"Why are we having a concert for Debbie?" he asked, kneeling and holding out the mike.

"So the president isn't anymore," the little girl offered, missing a word or two in her anti-Trump line. Then, at her dad's prompting, she started a chant: "No gusta Trump!"

Wanek joined in as Debbie Mucarsel-Powell and a small crowd clapped along with them. Then he and his rock band took the stage, swapping the lyrics "We will rock you" with "We will vote you out."

The Homestead fundraiser came at the tail end of another long Saturday on the trail for the congressional hopeful, who'd spent hours meeting Florida Keys Democrats, speaking on a Haitian radio show, and canvassing Key Largo with her husband and their ten- and 13-year-old children.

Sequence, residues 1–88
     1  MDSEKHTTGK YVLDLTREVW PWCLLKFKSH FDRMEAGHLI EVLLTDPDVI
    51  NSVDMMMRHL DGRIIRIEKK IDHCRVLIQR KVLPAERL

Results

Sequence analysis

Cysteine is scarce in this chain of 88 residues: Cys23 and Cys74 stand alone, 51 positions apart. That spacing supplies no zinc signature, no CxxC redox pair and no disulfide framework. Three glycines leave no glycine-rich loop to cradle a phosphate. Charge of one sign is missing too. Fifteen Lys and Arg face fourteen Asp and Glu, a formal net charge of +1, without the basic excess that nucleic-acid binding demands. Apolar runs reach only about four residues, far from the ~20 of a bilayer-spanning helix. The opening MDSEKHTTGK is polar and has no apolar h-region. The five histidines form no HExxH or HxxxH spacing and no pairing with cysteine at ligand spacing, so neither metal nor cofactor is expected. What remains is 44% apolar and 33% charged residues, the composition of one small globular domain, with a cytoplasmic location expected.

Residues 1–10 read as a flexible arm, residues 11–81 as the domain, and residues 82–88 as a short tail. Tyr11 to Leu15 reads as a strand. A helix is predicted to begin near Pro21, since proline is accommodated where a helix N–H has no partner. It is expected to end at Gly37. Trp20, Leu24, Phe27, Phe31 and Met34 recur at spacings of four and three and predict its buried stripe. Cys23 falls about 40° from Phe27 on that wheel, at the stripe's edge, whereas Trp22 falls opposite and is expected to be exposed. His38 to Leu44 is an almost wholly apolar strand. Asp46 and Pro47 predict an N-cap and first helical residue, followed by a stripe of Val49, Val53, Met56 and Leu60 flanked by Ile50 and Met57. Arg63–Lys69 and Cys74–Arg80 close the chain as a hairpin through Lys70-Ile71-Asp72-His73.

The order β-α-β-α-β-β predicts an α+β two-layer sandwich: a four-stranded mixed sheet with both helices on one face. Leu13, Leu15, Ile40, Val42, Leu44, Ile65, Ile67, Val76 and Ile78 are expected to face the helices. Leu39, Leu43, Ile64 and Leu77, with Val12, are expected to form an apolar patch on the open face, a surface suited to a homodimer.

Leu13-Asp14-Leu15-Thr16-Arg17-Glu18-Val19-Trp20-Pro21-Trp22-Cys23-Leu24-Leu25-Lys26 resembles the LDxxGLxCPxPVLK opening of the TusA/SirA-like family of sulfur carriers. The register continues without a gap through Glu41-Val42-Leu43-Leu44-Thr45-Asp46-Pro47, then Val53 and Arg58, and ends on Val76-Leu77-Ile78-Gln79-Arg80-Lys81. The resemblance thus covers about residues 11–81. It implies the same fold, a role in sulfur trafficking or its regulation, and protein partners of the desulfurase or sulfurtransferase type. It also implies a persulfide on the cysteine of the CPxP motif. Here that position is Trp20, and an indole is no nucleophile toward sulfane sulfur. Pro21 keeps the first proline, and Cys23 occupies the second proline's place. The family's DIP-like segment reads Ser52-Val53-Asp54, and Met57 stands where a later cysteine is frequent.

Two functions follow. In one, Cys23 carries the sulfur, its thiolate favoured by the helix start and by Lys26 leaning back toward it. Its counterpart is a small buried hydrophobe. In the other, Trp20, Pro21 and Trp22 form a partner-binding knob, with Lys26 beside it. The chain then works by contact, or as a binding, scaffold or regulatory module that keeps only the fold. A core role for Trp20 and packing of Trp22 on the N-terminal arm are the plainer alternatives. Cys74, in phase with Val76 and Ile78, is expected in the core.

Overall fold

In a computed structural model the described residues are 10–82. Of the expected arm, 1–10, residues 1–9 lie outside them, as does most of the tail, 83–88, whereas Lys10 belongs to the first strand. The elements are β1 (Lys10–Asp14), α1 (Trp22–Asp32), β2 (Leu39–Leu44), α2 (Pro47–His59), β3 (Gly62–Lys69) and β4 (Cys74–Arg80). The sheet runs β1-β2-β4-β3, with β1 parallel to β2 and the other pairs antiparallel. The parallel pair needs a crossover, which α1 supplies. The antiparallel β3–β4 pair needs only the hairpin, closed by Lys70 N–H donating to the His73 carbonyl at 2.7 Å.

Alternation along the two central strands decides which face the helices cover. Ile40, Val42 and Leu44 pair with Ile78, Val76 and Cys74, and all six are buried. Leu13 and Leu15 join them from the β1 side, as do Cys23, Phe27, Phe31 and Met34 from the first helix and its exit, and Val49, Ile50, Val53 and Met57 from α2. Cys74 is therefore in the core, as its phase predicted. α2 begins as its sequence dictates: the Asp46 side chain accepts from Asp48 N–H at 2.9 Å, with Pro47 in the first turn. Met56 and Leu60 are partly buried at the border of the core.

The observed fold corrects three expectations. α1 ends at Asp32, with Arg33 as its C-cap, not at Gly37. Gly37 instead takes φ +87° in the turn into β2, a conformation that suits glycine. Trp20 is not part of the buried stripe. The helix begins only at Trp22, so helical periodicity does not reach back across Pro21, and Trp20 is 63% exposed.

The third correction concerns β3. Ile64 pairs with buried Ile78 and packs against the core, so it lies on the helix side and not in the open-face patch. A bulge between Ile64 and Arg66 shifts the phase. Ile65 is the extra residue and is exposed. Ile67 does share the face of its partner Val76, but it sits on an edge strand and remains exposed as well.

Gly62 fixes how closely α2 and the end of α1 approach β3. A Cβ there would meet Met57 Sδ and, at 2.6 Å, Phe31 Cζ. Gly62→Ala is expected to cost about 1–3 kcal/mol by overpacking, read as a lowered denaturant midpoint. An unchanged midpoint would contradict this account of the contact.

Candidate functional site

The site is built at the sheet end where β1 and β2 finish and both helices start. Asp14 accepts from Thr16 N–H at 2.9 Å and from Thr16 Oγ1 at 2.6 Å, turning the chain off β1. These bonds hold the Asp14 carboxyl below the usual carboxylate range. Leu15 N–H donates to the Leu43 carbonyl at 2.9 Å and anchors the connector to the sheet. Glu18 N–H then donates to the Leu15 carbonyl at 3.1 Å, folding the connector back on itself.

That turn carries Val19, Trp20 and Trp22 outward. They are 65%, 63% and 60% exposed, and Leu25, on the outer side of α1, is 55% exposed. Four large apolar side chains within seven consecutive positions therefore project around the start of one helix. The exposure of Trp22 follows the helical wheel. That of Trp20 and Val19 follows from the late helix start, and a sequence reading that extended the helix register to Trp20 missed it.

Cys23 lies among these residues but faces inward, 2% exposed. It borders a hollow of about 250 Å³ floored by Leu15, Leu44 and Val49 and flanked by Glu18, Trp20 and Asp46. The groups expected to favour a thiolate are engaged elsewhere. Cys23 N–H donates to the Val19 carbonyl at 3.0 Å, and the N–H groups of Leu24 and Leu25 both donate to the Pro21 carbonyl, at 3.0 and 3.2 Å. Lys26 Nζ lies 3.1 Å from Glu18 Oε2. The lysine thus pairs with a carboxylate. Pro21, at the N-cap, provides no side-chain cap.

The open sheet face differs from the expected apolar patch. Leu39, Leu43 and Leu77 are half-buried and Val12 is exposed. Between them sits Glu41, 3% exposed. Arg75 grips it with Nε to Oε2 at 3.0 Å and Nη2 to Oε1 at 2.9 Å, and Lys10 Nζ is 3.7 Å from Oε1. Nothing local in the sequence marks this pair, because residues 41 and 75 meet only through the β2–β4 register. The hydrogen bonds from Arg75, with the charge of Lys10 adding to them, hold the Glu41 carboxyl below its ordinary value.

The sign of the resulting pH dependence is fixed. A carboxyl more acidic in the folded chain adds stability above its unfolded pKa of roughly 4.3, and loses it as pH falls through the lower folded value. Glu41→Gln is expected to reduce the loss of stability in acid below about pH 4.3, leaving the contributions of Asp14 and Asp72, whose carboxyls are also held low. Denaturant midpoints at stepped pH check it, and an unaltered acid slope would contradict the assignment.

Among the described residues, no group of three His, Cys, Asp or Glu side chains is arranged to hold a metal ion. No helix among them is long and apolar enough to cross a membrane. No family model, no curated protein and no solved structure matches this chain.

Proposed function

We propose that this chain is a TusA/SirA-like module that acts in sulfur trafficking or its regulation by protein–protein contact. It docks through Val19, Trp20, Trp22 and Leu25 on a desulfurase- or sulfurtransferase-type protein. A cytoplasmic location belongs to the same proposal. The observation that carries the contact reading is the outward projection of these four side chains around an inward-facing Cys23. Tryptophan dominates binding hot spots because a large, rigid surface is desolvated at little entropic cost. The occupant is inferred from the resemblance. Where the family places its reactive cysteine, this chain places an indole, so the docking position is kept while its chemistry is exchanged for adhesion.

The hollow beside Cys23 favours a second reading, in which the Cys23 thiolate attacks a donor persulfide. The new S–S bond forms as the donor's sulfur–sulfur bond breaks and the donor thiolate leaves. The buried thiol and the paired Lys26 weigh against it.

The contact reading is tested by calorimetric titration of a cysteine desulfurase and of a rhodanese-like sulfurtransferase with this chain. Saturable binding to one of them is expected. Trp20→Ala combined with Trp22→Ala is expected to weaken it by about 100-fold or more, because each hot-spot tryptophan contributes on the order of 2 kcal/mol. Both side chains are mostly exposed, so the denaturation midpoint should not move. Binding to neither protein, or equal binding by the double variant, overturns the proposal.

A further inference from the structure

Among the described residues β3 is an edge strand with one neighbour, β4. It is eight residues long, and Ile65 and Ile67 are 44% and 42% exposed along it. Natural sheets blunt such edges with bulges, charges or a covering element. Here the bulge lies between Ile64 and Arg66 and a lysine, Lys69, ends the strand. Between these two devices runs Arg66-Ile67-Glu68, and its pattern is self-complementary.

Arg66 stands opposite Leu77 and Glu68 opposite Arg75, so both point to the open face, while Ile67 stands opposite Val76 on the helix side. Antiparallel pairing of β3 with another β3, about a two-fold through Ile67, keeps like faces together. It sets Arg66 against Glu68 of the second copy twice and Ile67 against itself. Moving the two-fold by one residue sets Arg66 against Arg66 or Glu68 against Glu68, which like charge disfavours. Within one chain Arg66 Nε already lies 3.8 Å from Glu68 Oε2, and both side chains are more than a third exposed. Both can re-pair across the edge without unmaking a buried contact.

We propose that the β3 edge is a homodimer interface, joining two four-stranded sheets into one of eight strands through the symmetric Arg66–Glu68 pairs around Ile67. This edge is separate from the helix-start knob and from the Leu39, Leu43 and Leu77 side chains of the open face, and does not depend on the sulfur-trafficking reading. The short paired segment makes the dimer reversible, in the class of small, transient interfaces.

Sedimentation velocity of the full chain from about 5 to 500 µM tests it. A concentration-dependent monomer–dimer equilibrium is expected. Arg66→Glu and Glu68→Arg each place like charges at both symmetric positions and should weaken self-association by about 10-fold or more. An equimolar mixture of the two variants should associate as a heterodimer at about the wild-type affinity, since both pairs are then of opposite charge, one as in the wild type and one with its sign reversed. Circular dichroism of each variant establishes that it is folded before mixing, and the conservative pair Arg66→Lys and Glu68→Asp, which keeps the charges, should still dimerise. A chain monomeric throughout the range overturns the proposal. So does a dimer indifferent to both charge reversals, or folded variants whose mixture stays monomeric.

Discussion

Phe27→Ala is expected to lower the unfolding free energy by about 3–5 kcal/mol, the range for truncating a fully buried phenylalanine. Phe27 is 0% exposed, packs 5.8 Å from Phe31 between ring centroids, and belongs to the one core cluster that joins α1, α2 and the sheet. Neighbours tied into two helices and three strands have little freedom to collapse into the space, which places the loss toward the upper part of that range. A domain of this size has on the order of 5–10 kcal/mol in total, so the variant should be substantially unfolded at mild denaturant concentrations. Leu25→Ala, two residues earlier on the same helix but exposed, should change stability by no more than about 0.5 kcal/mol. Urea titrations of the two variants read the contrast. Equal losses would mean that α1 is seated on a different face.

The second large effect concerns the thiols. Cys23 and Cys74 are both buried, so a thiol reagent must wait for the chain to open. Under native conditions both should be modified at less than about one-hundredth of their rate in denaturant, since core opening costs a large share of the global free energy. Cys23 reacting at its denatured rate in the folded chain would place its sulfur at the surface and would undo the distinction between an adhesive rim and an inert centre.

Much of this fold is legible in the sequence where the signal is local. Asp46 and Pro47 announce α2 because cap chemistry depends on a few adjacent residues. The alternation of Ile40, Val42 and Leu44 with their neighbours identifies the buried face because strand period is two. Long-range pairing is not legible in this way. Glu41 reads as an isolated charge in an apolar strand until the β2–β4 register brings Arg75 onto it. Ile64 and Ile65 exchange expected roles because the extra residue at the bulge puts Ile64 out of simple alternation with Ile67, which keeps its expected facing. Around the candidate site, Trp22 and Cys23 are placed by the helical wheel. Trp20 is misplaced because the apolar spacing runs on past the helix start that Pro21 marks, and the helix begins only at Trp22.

"We must win," Mucarsel-Powell had told the group in the Keys earlier. "There's no other alternative. Every single value that we hold dear to us as Americans is being threatened every single day by this administration."

As Democrats across the nation hope for a massive blue wave this fall, Mucarsel-Powell is exactly the kind of candidate the national party is backing. A bilingual speaker with a compelling backstory, she's running against an incumbent who should be one of the most vulnerable Republicans in Congress, and she's received big infusions of cash from the Democratic Congressional Campaign Committee (DCCC).

But all of that is meaningless unless she can persuade local voters to back her over incumbent Rep. Carlos Curbelo — a task that recent polling suggests will be tougher than national Dems had hoped.